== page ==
All entries for Monday 03 July 2006
July 03, 2006
Discovering Cities: Liverpool
In her talk, Janet Speake asks if Liverpool is a cosmopolitan city. She describes 'cosmopolitan' as :
*extensive mobility in which people have the right to travel corporeally, imaginatively, virtually;
*the ability to consume places and environments on route;
*a willingness to take risks by encountering the other.
Speake suggests that it creates a third space. She refers us to the work of Urry at Lancaster University. Cosmopolitanism is an openness towards people and places and experiences from different cultures, especially those of different nations.
Liverpool has the oldest Chinatown in Europe although Speake describes it as being somewhat staged in its authenticity. The Chinatown arch refers to the twin–towns of Liverpool: Shanghai and New York. In Liverpool, there is a interdependence between places. It is not the same as the global city which has its source externally.
Cosmopolitan logic is expressed by 'both/and' rather than 'either/or' and this applies in the sense of the local and the international. It is a diffusion of different cultures, a transnational way of living. It is myriad symbols, brands, icons. It is technology, talent, tolerance. It absorbs the pattern book buildings but finds difference in each.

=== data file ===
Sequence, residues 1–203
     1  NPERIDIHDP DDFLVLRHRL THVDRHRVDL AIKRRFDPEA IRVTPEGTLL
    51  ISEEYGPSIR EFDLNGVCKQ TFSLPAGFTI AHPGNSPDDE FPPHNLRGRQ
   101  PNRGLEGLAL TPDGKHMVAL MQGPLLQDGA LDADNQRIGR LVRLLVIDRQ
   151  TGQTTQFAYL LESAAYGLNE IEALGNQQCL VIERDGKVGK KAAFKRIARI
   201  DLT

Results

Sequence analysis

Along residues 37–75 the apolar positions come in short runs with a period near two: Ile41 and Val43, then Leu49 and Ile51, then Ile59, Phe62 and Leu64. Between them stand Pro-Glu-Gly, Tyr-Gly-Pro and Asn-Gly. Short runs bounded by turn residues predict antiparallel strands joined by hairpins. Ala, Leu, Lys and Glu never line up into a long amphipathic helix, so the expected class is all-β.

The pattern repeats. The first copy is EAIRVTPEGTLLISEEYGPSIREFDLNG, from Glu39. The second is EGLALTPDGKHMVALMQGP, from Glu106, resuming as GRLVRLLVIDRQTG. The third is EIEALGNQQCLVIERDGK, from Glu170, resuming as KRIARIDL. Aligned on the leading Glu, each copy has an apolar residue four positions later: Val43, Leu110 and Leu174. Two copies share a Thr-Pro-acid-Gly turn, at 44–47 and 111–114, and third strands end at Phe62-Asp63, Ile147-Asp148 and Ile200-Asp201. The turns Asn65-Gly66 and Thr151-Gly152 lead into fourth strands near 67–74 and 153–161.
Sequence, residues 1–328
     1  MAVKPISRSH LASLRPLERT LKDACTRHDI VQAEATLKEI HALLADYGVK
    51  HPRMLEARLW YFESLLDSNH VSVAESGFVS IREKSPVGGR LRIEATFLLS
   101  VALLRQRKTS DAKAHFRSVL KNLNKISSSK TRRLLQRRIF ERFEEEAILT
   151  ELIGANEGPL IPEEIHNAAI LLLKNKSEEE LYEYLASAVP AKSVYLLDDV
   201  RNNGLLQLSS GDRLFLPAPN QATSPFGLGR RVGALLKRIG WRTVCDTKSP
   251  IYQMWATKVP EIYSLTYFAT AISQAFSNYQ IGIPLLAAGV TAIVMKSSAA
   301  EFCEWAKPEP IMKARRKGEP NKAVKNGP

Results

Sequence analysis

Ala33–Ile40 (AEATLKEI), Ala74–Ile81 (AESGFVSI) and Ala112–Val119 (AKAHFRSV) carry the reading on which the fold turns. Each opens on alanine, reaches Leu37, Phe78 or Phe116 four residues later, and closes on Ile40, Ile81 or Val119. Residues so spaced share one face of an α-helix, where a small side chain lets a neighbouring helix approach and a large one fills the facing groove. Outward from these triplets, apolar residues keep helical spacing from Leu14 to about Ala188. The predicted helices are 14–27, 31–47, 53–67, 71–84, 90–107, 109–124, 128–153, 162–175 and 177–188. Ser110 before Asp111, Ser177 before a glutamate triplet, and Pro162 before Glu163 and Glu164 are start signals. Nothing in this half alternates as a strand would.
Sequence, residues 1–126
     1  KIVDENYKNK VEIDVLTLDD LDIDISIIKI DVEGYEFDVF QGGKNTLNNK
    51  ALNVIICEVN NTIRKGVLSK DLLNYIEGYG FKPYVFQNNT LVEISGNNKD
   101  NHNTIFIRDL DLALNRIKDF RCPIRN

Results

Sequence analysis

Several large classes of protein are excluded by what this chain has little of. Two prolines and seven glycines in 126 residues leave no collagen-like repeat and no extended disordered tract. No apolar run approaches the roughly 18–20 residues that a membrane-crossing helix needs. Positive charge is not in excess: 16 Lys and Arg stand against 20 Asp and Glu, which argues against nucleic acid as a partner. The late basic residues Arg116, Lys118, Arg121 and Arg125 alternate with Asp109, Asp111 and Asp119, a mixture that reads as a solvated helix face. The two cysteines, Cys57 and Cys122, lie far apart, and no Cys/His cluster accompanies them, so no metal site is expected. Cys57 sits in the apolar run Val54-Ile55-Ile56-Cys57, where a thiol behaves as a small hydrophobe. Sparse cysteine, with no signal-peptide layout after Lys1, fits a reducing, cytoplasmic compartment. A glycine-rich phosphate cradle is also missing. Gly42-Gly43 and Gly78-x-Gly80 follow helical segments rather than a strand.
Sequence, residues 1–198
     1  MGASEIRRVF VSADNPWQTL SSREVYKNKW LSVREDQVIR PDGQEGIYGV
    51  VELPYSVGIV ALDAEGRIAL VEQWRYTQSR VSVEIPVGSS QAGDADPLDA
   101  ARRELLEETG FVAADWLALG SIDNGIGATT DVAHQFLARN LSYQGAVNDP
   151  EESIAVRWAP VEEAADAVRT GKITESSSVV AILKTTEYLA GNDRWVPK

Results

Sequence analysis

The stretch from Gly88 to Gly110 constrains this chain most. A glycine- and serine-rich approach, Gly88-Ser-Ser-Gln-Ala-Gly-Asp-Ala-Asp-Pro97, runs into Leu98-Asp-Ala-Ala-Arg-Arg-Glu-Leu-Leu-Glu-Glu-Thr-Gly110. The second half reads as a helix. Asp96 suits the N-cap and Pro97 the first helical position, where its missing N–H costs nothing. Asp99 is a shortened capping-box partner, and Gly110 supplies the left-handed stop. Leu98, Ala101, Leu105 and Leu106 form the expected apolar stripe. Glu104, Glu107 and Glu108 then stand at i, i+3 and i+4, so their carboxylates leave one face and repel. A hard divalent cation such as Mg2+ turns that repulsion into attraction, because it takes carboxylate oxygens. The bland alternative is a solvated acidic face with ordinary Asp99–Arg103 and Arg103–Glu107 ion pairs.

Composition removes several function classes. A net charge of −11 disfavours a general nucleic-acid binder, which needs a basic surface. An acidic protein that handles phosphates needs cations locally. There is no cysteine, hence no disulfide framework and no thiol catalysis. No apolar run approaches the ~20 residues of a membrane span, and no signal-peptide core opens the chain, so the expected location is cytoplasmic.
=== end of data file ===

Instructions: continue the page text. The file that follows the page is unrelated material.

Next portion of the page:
Is Liverpool becoming cosmopolitan? This is Speake's question. In the time of empire it was a seaport and the second city of mercantilism and manufacture. If cosmopolitanism refers to internal responses to global knowledge, then how does Liverpool react in the late twentieth century global reordering? There was a decline in the ship–building industries and a waning population. From former greatness, Liverpool slumped in decline.
Liverpool's repositioning and new connectivity in the wake of its status as European Capital of Culture 2008 has led to its culture being commodified. Yet Liverpool still accommodates marginal cultures and though it takes on board serial application, it also maintains difference.